Interpersonal confidence as a factor in the prevention of disorganized interaction.

Interpersonal confidence as a factor in the prevention of disorganized interaction.


Human communities are based on a certain set of everyday attitudes, on the coordination of the actions of “the self ” in a group, and on the regulation of social practices. The results of this study show that a number of factors act as determinants of trust/ distrust ambivalence: the multidimensionality and the dynamics of interactions among people; the high level of subjectivity in evaluating risks resulting from openness and from confidence in partners involved in an interaction; and a subject’s contradictory attitude toward the personal traits of an interacting partner (power, activity, honesty, trustworthiness). Japanese scholars have proved the necessity of taking into account quality of life (QOL) as one of the determinants of the development of interpersonal confidence. The study demonstrates that people try to bring trust into their daily routines as a way of organizing conscientious, emotionally open interactions that take into account the interests of all parties. Mistrust blocks access to the emotional, intellectual, and activity-related resources supporting life and undermines faith in the possibility of virtue and morality. Yet a supplementary study (using instant diagnostics) indicates that in practice respondents did not demonstrate a high level of confidence (in two cities it was 0%; in one city, it was 4.6%). In spite of emotionally positive views regarding trust, as well as constructive estimates of its moral/behavioral potential, a considerable number of respondents were not open and oriented to the interests of others. A tendency toward caution, inwardness, and constrained sincerity leads to nonconformity in one’s actions in a group and to changes in the vector of social practices from socio-partner regulation to disorganized interaction.

Authors: Dontsov, Aleksander I. ; Perelygina, Elena B.

Received: 01.16.2014

Accepted: 03.07.2014

Themes: The 2nd Russian-Japanese forum of social sciences and humanities; Social psychology


Pages: 40-49

DOI: 10.11621/pir.2014.0105

Keywords: social interaction, disorganization, conscientiousness, psychological security, confidence

In addition to self-awareness, self-determination, “pre-behavior,” and other phenomena in the social-psychological field, modern psychological studies pay considerable attention to the phenomenon of interpersonal confidence; the authors of these studies consider confidence to be one of the foundations for a social subject’s categorization of social space and for the interactional environment. In particular, “the discrepancy between the character of the organization of the subject-spatial environment and man’s nature primordially affects different structures of the psyche in a destructive manner and subsequently distorts and wrecks an individual’s personality” (Zinchenko & Perelygina, 2013, p. 104). Confidence is described in the context of theme-oriented and practical activities of individuals interacting in formats for social and economic behavior. It is conditioned by a set of previous behavior patterns embracing interaction with other social subjects, organizations, and social institutions; these patterns provide a basis for prognostic understanding of other subjects’ actions and their probable consequences. Behavioral events as a component of social interaction are determined not only by gaining insight into another person but also by the sacral status of the regulation of organized interaction.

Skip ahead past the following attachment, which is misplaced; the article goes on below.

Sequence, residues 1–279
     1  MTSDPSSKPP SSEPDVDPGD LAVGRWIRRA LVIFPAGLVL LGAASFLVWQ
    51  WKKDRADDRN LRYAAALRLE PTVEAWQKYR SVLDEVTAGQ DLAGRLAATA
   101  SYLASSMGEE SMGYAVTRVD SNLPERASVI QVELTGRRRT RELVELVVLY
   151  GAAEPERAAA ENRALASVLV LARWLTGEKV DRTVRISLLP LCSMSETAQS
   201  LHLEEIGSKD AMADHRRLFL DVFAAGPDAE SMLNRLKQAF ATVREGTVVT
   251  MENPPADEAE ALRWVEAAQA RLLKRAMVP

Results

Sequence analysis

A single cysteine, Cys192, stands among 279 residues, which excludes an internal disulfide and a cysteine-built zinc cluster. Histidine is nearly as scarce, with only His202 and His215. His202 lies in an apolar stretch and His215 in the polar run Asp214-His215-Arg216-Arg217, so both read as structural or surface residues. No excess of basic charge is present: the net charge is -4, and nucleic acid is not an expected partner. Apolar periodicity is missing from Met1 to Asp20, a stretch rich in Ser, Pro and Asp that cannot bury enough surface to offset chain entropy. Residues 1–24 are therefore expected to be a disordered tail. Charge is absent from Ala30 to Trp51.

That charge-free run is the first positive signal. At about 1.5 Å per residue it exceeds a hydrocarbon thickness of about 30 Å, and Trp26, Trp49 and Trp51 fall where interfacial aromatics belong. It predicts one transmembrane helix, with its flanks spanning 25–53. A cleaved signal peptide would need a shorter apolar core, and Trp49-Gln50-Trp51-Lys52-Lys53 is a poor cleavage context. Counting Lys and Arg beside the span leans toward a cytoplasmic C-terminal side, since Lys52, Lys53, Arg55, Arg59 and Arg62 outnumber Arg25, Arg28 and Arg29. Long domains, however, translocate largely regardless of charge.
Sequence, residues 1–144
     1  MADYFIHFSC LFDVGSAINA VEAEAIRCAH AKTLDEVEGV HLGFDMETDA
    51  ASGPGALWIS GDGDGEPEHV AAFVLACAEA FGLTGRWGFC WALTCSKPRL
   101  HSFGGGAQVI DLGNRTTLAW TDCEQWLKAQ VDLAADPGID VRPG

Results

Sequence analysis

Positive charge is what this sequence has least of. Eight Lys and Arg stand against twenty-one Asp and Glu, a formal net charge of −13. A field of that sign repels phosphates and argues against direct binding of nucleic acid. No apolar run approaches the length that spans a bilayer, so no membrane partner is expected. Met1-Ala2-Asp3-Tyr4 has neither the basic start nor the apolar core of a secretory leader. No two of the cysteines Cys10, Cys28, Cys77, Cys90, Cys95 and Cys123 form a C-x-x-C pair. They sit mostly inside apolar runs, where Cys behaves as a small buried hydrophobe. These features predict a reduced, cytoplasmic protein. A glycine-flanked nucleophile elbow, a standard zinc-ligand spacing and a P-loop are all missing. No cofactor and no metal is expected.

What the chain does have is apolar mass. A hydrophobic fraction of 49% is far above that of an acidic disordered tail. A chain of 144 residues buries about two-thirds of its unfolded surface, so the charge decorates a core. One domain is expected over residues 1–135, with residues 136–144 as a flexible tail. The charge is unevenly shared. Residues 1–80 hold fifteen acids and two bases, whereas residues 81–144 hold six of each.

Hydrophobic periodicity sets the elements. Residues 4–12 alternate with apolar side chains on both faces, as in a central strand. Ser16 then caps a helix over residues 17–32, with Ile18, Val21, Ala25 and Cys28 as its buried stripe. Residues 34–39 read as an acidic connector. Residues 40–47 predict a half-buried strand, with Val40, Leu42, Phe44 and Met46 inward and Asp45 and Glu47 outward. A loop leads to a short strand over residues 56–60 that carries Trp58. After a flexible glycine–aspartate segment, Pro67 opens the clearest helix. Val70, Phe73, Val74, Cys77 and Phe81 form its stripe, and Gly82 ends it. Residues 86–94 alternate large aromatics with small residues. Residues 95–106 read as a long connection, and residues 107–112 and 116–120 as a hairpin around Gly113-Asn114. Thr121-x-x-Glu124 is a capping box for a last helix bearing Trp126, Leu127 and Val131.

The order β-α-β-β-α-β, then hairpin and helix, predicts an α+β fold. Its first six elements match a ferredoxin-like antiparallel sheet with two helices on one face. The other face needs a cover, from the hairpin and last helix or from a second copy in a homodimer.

The process of personalization associated with the development of the humanistic and moral foundations of life has made it possible to draw parallels between a number of dichotomies: trust expectations–mistrust expectations, condition of security–condition of insecurity. These parallels were methodically addressed by Zinchenko (2011b, p. 6): “The formation of life-purpose orientations and the systematization of information about the world in a definite way that affects the self-awareness of society and the dominating values in it depend on particular constructions of the subjective world and on the perception of the world through the lens of security/insecurity.”

In a book about “self” theories, Dweck (2002) focuses on the prognostic potential of trust in social interaction: “When we observe intricate shifts or situations fraught with failure we find out that confidence loses its potential of being predictable” (p. 52).